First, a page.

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Anatomy and Physiology I Unit 7: The Skeletal System. Physiology of the Skeletal System. Skeletal System. Bones are made of several tissues Primarily made of collagen and hydroxyapatite - Ca 10 (PO 4 ) 6 (OH) 2 About 206 bones in the human body. Functions of Skeletal System.

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Anatomy and Physiology I

Unit 7: The Skeletal System

Physiology of the Skeletal System


Skeletal system
Skeletal System

  • Bones are made of several tissues

  • Primarily made of collagen and hydroxyapatite - Ca10(PO4)6(OH)2

  • About 206 bones in the human body


Functions of skeletal system
Functions of Skeletal System

  • SUPPORT: Hard framework that supports and anchors the soft organs of the body.

  • PROTECTION: Surrounds organs such as the brain and spinal cord.

  • MOVEMENT: Allows for muscle attachment therefore the bones are used as levers.

  • STORAGE: Minerals and lipids are stored within bone material.

  • BLOOD CELL FORMATION: The bone marrow is responsible for blood cell production.


Parts of the skeletal system
Parts of the Skeletal System

  • Axial skeleton

    • Skull and bones that support it

    • Includes vertebra and ribs

    • 80 bones

  • Appendicular skeleton

    • Limbs

    • 126 bones


Features of a Long Bone:

Epiphysis: Ends of the bone.

Diaphysis: The shaft of the bone which surrounds the medullary cavity.

Articular Cartilage: Cushions the ends of the bones and allows for smooth movement.

Epiphyseal Plate:

Areas made of cartilage allowing for the growth of the bone.


Joints
Joints

  • Where bone meets bone

  • Ligament – holds bone to bone

  • Types of joints:

    • Immovable - skull

    • Ball-and-socket - shoulder

    • Hinge - knee

    • Pivot – forearm

    • Gliding - vertebrae


Joints1
Joints

  • Cartilage covers ends of movable bones

    • Reduces friction

  • Lubricated by fluid from capillaries



Bone structure
Bone Structure

  • Periosteum – hard outer covering

    • Cells for growth and repair

  • Compact bone – hard strong layer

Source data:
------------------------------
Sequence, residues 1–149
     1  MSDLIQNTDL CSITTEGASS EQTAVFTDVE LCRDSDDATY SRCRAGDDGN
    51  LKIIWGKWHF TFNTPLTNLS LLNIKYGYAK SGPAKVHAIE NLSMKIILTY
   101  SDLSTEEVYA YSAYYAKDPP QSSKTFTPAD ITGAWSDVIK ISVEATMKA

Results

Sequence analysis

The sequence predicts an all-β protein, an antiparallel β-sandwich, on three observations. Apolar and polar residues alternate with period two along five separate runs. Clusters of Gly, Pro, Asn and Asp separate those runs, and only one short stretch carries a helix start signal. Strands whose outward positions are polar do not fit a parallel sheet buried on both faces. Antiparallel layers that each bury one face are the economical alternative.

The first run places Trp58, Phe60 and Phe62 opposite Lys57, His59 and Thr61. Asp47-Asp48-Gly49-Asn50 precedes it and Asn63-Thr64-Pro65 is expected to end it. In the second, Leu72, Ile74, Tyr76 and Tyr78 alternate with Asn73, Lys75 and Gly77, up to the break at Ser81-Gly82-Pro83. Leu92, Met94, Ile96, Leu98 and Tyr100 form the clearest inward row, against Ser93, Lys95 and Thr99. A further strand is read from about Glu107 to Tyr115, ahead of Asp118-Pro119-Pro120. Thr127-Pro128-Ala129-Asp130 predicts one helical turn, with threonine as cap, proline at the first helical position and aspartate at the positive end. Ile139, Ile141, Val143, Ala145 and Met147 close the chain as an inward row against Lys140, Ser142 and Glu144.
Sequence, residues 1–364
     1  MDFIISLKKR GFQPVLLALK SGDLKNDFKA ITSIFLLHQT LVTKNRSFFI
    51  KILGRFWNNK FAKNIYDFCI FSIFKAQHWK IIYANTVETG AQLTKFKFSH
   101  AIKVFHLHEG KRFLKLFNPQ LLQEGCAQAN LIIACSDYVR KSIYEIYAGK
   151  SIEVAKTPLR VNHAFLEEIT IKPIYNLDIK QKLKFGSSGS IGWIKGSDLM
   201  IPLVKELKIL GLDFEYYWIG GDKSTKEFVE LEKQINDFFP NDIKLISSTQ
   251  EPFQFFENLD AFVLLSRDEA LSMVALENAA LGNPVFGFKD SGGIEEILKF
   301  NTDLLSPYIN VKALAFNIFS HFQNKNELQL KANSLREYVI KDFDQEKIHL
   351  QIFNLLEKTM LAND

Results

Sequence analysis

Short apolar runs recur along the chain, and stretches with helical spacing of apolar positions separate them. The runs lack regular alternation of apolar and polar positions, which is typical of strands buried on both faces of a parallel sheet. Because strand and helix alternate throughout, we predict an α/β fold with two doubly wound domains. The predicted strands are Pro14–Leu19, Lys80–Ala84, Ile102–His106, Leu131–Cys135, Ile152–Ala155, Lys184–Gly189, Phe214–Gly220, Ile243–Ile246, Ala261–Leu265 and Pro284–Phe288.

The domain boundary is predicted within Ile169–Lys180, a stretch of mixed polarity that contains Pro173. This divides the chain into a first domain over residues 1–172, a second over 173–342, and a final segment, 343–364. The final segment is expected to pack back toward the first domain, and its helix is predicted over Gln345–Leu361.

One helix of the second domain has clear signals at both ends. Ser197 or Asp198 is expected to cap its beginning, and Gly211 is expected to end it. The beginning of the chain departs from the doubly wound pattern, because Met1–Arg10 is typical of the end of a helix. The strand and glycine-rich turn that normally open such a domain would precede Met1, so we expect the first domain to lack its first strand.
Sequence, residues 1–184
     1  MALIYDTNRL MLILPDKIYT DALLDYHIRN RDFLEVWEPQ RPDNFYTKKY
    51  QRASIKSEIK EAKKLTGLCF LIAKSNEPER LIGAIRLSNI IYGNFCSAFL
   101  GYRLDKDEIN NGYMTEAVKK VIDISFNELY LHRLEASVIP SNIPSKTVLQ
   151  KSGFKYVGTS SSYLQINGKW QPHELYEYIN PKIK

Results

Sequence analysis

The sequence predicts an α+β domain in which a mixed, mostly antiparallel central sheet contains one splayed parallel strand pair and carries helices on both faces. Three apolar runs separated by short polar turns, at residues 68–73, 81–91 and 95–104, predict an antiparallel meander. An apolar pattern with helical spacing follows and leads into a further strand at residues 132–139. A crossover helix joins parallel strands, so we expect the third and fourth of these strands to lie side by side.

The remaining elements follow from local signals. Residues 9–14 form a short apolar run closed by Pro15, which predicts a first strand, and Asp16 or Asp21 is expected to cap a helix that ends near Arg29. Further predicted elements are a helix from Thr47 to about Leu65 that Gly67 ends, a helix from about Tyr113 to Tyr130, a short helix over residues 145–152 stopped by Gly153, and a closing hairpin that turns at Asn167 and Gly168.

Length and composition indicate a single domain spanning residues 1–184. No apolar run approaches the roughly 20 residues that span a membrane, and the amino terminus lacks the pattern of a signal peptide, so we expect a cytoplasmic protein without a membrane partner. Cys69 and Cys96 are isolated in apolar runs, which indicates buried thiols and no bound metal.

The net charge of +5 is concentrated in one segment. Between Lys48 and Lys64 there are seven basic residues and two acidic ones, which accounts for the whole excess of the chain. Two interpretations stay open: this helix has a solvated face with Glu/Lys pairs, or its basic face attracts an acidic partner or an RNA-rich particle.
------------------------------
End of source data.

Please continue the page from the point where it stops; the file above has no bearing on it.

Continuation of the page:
• Bone cells, blood vessels, protein with Ca and P

  • Spongy bone – at ends of long bones

    • Has small open spaces to lighten weight

  • Marrow cavity – hollow in middle of long bones


Bone marrow
Bone Marrow

  • Red marrow – produces blood cells and clotting factors

    • Found in humerus, femur, sternum, ribs, vertebrae, pelvis

    • Produces RBC 2 million per second

  • Yellow marrow – stores fat

    • Found in many bones



Haversian system
Haversian System

  • Structure of compact bone

  • Rings of bone tissue with blood vessels and nerves in the center



Bone development
Bone Development

  • Initial skeleton of cartilage in infants

  • Replaced with bone by osteoblasts

  • More than 300 bones at birth – fuse to 206

  • Always growing and breaking down

    • Osteoblasts – form new bone cells

    • Osteoclasts – break bone cells down

    • Osteocytes – mature bone cells


Broken bones
Broken Bones

  • Fracture is a break of the bone

  • Simple or Complex fracture

  • Regrowth of bone:

    • Spongy bone forms in first few days

    • Blood vessels regrow and spongy bone hardens

    • Full healing takes 1-2 months


Homeostatic Imbalances

Rickets

  • Disease of children due to a lack of vitamin D.

  • Calcium is not deposited in bones.

  • Bones become soft.

  • Bowing of the bones, and other deformities occur.


Homeostatic Imbalances

Osteomalacia

  • “Rickets” of adults.

  • Due to a lack of vitamin D.

  • Calcium is not deposited in the bones.

  • Bones become brittle.


Homeostatic Imbalances

Osteoporosis

  • Bone reabsorption is greater than bone deposition.

  • Due to any of the following:

  • Lack of estrogen in women.

  • Lack of exercise to stress the bones.

  • Inadequate intake of calcium and phosphorus.

  • Abnormalities of vitamin D metabolism.

  • Loss of muscle mass.


Age related dysfunctions
Age Related Dysfunctions

Arthritis:

Osteoarthritis- 90% of pop. By age 40

chronic inflammation of articular cartilage

can be normal age-dependent change

can also be pathology due to ?

Age-related changes

decrease blood supply

trauma



Osteoporosis
Osteoporosis

Decline in Bone Density

Bone Resorption > Bone Deposition

Increase Risk for Fracture

compression fractures of vertebrae

hip fractures

Role of calcium, vitamin D, estrogen, exercise

Calcitonin vs. Parathyroid Hormone



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